Manage stress well.
The importance of managing life’s stresses is often neglected. Poor stress management often includes other behaviours that can cause depression, such as
alcohol or drug abuse
. If necessary, seek appropriate professional help for these problems. See our March 2010 newsletter for tips on handling stress and maintaining balance in your life.
Adequate, good quality sleep
is very important in preventing depression. Exhaustion always makes our problems look worse than they do when we are well-rested. See our December 2010 newsletter for tips on getting enough good sleep.
There are a number of Nature’s Sunshine Products that can help prevent or lessen the symptoms of depression.
Synerpro B Complex Vitamins or Vitamin B Complex.
B-complex vitamins are particularly important for the nervous system. They are also vital for good digestive function and enzyme reactions that control energy, circulation, hormones and overall health. SynerPro concentrate is a blend of various vegetable powders that provides extra nutrient value, prevents free radical damage, and increases immunity. These vitamins are also essential for the metabolism of fats and protein, and for the maintenance of muscle tone in the gastrointestinal tract, as well as healthy digestive function. B-complex vitamins even play a role in the health of the eyes, hair, liver, mouth and skin.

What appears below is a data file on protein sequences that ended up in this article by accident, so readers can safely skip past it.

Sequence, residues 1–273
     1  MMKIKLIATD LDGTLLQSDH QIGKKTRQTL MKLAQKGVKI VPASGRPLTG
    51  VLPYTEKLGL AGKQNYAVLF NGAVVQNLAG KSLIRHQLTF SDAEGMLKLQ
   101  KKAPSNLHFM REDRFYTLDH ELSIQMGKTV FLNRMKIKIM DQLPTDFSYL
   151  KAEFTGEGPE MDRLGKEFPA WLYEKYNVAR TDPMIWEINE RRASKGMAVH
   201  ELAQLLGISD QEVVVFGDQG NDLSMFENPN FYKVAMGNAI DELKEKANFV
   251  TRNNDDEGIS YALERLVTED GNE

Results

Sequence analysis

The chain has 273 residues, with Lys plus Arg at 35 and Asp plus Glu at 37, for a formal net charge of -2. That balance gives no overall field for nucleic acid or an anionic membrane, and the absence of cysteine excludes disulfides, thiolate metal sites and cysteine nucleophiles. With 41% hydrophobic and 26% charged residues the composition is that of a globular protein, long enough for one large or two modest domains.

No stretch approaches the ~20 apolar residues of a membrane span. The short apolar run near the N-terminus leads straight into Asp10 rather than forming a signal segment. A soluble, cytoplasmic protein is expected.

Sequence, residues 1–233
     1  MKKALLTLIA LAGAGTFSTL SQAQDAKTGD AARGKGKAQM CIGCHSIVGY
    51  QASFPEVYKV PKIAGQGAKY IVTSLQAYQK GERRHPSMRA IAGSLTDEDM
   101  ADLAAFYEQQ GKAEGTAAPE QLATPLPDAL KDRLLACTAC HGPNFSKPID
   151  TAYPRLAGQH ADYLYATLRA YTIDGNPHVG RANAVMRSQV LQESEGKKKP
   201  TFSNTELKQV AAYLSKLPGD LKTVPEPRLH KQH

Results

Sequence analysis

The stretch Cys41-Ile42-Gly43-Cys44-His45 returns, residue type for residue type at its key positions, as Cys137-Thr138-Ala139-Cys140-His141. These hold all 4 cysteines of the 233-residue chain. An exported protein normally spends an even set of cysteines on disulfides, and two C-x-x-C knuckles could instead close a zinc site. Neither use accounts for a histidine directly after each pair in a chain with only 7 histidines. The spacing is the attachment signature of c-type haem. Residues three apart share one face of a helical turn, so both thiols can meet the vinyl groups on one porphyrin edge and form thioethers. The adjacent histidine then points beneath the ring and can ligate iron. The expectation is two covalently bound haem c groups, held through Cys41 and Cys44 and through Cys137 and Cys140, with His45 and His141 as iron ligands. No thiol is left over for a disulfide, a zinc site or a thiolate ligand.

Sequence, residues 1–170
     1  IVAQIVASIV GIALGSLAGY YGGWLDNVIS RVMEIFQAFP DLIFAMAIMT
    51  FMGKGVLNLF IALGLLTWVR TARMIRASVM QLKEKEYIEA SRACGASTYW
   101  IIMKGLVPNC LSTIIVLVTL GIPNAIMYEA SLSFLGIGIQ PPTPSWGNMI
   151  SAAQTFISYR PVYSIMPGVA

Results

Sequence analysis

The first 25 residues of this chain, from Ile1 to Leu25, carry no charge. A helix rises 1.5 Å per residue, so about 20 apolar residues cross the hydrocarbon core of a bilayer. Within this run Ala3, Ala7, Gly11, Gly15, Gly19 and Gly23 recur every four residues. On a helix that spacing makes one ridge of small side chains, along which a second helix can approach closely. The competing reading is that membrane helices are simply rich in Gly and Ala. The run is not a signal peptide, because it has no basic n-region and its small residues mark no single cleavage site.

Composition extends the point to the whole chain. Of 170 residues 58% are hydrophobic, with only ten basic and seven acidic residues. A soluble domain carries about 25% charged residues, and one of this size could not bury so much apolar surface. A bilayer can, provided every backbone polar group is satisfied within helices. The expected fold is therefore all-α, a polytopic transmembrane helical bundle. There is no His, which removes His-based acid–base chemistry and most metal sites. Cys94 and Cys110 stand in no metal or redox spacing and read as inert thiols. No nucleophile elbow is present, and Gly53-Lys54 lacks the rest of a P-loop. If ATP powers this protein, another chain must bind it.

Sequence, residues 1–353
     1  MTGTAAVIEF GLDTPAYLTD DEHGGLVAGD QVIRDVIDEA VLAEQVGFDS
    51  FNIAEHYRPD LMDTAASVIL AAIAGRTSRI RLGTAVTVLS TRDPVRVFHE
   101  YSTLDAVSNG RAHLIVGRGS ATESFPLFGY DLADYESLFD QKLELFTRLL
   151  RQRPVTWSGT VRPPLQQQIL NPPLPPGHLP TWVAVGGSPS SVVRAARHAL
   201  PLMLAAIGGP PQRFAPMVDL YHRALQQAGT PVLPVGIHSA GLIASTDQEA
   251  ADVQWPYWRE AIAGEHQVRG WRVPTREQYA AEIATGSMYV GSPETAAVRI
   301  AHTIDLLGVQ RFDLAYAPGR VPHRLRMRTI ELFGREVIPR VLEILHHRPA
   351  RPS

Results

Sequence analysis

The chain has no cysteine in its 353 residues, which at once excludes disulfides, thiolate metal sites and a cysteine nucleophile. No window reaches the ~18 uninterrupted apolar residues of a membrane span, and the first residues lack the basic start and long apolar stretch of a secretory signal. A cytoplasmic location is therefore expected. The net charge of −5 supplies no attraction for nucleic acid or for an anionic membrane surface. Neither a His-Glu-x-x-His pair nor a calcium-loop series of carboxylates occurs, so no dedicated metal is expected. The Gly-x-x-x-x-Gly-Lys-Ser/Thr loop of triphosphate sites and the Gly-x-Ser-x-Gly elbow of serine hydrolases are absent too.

Vitamin B12 Liquid.
Vitamin B12 supplements may be essential for vegetarians since dietary sources of vitamin B12 are mostly foods of animal origin. Symptoms of vitamin B12 deficiency may take more than five years to appear after the body stores have been depleted. People at risk for deficiency are those who have digestion problems or have had intestinal surgery or radiation, anyone aged 60 or older, strict vegetarians, breast-fed infants of vegetarian mothers, drinkers and people taking drugs to lower cholesterol. Supplementing with Liquid B12 helps replenish the body’s supply of this essential nutrient. Nature’s Sunshine Vitamin B12 is taken sublingually, so it gets absorbed directly into the blood stream and there is no concern if you don’t have the intrinsic factor to absorb it.